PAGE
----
Yuliia Lykhach, Director of the High School of Public Governance, spoke about how the School produces women’s leadership, what events are held and what programmes are implemented during the thematic panel “Women’s Leadership in Public Service during the War” as part of the media marathon “Equality in Politics and Inclusive Recovery”.
The event, which took place on 24-25 October at the initiative of the National Democratic Institute (NDI), brought together more than 100 participants – political leaders, public servants, gender equality experts, representatives of international organisations, opinion leaders, etc.
“The issue of gender equality in the public service is not new to me, as I have been studying and developing it for ten years together with my colleagues,” said Yuliia Lykhach in her speech. “A year ago, I became the head of the High School of Public Governance. And we founded the Centre for the Professional Development of Competencies in Human Rights, Non-Discrimination and Gender Equality, which aims at developing the professional competencies of public servants in shaping a culture of respect for the rights and freedoms of citizens, non-discrimination, observance of the principles of barrier-free and inclusive education, and ensuring gender equality. Together with the National Agency of Ukraine on Civil Service, we are implementing a number of new programmes related to gender-sensitive governance and humanitarian crisis response, studying the needs of different groups of women and men and establishing communication, responding to conflict-related sexual violence and providing assistance to victims.”
It should be noted that the first model programme developed by the High School in cooperation with international experts was the CRSV programme. In 2023, another model programme was developed to address cases of gender-based domestic violence.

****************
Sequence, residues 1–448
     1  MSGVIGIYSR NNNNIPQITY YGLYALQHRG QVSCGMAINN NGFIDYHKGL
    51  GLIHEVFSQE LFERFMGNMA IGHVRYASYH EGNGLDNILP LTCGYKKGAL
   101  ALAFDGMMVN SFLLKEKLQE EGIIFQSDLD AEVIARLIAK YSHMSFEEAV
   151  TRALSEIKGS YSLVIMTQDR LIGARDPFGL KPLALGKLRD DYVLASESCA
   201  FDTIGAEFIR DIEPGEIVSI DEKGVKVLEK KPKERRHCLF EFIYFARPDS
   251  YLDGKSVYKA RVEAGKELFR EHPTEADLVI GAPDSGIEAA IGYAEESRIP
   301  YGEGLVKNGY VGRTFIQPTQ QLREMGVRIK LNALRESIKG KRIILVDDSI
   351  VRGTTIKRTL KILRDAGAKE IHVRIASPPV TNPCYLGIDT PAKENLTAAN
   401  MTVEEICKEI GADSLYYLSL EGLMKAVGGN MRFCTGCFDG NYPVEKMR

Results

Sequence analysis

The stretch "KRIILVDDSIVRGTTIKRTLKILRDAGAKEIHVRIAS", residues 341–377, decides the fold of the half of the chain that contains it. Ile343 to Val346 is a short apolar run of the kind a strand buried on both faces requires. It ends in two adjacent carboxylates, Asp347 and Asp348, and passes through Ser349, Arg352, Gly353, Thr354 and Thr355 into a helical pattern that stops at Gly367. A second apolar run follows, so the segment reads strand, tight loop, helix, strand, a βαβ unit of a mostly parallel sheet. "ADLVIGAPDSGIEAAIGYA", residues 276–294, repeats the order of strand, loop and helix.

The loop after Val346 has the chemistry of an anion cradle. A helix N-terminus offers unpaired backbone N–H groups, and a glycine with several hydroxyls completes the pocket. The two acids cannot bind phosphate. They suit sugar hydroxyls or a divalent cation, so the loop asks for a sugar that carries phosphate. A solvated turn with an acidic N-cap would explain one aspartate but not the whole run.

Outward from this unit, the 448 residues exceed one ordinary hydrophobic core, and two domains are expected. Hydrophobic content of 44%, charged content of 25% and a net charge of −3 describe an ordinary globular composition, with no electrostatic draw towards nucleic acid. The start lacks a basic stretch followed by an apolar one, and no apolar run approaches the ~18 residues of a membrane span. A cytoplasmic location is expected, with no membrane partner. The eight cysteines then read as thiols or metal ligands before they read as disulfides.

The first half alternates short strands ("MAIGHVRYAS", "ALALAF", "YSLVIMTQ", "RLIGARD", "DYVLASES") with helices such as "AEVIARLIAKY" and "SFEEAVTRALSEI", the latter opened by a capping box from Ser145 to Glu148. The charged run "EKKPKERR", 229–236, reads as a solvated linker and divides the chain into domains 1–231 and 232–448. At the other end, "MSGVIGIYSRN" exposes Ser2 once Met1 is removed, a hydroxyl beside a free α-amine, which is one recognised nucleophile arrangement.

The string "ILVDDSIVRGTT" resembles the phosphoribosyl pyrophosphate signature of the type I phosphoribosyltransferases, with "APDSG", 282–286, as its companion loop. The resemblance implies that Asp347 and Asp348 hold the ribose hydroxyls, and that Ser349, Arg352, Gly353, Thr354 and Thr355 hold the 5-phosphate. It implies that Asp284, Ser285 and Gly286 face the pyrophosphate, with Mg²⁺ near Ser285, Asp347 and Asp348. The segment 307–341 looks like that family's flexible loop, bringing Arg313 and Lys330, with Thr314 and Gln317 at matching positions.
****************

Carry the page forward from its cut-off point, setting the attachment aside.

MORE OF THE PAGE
The Graduate School has also developed three training programmes for trainers on domestic violence, gender-based violence and war-related sexual violence. To date, more than 50 civil servants from various government agencies have been trained in these areas.
Yuliia Lykhach also stressed that this year, together with the Research Institute, the High School implemented the educational project “School of Gender Mainstreaming”. “There are two programmes we have approved – for public servants of category A and public servants of categories B and C,” the director of the High School noted. “The idea was to train the professional community of authorised persons, senior management, and heads of structural units dealing with this issue, taking into account their powers. So far, 15 public servants of category A and 86 of categories B and C have completed the training. And last week, 61 people – heads of gender policy departments at the Kyiv City Council – completed the training.”
We would like to add that the High School of Public Governance has completed the preparation of an online course on the standard programme on gender equality and has conducted a market study and the needs of educational stakeholders to provide training on gender equality. During the two-day Marathon, participants also discussed key tools and obstacles to implementing gender equality and inclusive recovery, the benefits of gender-responsive governance, and new challenges at the local and national levels due to Russia’s full-scale war against Ukraine.
There was also a screening of the films “Tak, I am a Woman” and “Visible” followed by a discussion with the protagonists of these films and a presentation of the book “She is the One Who is Fighting” with the authors.